• Yahya Fathi Qaroot

Student thesis: Master's Thesis


Three phase horizontal separators of oil, gas and water are considered one of the main surface equipments in the upstream petroleum industry that have a significant impact on the treatment of the produced oil. The flow inside separators is a complex flow, three dimensional with complex internal geometries, turbulent and multiphase, thus presents a challenge for both experimental and numerical studies. Due to this complexity of flow nature besides the time and computational resources required, very few studies exist on the flow inside separators. In this study, the mixture multiphase model, embedded in Fluent version 14, was used to simulate the multiphase flow and separator performance using mono-dispersed secondary phases (oil and water). The study is extended to include, the Discrete Phase Model (DPM) to investigate the oil carryover for various droplets distributions (poly-dispersed oil), with/without the effect of breakup and coalescence. This was done by modeling the gas compartment of the separator. In both models, the standard k-ϵ turbulence model was used to account for turbulence effects. Due to the absence of knowledge of field information about the droplet size distribution at the inlet of the separator, four different representative distributions (injected with 10, 30, 50 and 80 microns mean diameters) according to Rosin-Rammler size function were considered based on the design values of industrial separators. The simulation results are assessed in terms of overall separation efficiency, internals' effectiveness, local size distribution and residence time, and then compared against results from field tests of ADCO (Abu Dhabi Company for Onshore Oil Operations) and previously published simulations using the Eulerian-Eulerian and Population Balance models (PBM). The separation efficiencies obtained using the mixture model were in acceptable agreement with previously published values, and ADCO test field results, except for the oil in water contents. In this case, the effect of the coarser mesh used by the mixture model had led to overestimating the diffusion term and hence generating less sharp interfaces and huge amount of oil in water. The DPM simulation results showed that droplet breakup rarely occurred, especially for fine size distributions, while droplet coalescence was a more common phenomenon, especially in the Schoepentoeter. This behavior played a significant role in increasing the separation efficiency up to nearly 100% when the coalescence and breakup phenomena were introduced to the simulations of all size distributions cases. In general, the model provided acceptable separation efficiencies that had a good agreement with the PBM results at relatively large size distributions (> 80 micron). While for finer size distributions the model overestimated the coalescence rate in the Schoepentoeter region, leading to higher separation efficiencies compared to PBM. In addition, the effectiveness of Schoepentoeter was found to be essential for all size distributions, especially when the coalescence model was present. The other internals were found to contribute moderately to the overall separation efficiency. Moreover, the mean size distribution was found to gradually decrease across the separators' internals when there is no effect of coalescence. However, when coalescence is considered the mean size diameter was found to increase severely downstream the Schoepentoeter, leading to enhanced separation in the settling compartment. Finally, the mean residence time (MRT) obtained by the DPM (35 sec - 40 sec) showed a good agreement with some of the existing approaches in the literature. However, a discrepancy was found against the published MRT calculated by PBM.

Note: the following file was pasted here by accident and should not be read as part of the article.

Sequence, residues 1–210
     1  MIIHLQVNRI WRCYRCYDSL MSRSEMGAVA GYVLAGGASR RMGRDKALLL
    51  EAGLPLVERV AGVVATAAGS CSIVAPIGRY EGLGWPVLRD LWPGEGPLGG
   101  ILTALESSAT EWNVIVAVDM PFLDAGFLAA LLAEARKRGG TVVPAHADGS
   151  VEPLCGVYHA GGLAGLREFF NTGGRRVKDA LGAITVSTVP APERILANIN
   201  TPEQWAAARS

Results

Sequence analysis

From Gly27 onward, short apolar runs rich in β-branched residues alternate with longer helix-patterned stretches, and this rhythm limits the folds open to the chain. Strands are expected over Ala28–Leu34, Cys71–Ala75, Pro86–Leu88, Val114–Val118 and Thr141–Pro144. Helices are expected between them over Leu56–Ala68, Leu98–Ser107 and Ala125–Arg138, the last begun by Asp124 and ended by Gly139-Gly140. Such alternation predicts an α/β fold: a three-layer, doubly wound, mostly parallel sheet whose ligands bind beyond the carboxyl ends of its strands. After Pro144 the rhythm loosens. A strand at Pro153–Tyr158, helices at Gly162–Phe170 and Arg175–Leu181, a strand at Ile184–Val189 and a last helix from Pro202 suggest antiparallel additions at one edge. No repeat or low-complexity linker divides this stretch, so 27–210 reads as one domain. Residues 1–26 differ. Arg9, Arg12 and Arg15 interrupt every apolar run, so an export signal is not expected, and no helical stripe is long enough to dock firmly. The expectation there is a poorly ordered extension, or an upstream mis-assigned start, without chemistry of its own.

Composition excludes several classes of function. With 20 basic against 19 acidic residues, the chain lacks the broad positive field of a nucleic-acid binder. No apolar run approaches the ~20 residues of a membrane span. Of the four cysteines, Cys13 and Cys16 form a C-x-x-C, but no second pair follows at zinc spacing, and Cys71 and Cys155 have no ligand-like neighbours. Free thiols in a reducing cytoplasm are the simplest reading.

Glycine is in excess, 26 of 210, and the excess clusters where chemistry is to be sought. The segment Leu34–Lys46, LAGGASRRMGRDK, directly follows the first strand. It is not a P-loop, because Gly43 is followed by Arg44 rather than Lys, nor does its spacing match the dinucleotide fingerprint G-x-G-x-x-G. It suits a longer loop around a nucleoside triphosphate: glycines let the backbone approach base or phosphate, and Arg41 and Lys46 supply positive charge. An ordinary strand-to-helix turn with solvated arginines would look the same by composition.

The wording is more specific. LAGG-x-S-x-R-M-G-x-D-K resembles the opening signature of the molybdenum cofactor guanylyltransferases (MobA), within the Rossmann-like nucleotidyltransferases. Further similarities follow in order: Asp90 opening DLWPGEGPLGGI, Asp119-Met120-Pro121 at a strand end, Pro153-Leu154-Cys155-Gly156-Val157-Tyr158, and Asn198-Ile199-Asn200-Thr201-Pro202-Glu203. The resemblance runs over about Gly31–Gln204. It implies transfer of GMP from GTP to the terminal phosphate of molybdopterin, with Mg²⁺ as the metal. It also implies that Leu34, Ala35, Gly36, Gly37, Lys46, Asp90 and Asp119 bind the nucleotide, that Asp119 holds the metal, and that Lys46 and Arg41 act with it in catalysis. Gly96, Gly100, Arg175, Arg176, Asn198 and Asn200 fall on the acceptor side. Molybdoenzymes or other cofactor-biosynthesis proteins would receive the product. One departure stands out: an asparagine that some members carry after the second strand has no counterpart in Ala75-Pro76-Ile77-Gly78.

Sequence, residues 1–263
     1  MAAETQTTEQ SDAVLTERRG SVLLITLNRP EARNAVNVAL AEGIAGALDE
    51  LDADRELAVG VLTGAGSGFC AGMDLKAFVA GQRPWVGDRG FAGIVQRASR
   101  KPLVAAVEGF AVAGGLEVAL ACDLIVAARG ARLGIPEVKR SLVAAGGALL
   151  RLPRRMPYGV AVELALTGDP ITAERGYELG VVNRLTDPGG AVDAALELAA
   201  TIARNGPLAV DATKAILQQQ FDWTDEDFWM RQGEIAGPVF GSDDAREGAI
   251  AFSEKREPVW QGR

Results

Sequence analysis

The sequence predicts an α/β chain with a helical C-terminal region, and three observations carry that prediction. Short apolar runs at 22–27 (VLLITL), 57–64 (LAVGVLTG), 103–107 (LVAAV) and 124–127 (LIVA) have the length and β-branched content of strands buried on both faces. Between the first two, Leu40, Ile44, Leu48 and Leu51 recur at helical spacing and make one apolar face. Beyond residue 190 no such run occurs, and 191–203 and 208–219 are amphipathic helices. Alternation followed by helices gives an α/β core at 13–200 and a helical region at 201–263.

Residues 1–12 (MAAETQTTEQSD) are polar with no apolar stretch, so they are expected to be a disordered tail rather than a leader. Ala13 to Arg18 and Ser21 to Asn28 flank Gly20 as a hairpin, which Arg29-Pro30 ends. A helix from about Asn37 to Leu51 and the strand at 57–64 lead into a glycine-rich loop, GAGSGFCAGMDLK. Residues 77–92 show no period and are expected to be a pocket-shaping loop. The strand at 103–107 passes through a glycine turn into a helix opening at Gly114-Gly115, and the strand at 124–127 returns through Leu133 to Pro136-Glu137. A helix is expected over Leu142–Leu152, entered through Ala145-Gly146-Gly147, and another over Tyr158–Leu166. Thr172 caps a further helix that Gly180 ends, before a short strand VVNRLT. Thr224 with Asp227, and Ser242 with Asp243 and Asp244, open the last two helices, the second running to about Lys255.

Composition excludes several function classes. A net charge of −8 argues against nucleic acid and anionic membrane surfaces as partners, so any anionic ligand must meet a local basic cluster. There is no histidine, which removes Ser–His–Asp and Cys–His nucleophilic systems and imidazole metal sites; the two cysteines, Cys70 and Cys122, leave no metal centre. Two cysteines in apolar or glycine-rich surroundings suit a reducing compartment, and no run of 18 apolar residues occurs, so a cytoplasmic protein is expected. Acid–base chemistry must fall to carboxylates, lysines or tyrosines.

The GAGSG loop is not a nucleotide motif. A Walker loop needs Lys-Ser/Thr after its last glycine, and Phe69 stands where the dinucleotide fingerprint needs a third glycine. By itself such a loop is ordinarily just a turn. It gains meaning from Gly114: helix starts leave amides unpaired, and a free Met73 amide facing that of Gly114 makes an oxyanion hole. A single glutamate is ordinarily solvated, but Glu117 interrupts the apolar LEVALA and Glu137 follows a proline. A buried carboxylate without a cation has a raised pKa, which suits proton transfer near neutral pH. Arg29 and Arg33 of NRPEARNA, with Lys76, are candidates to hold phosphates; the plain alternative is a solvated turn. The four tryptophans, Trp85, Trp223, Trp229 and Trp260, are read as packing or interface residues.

Date of AwardJun 2013
Original languageAmerican English
SupervisorLyes Khezzar (Supervisor)


  • Applied sciences, Fluid dynamics, Mathematical models, Wells, Chemical engineering, Mechanical engineering, 0542:Chemical engineering, 0548:Mechanical engineering

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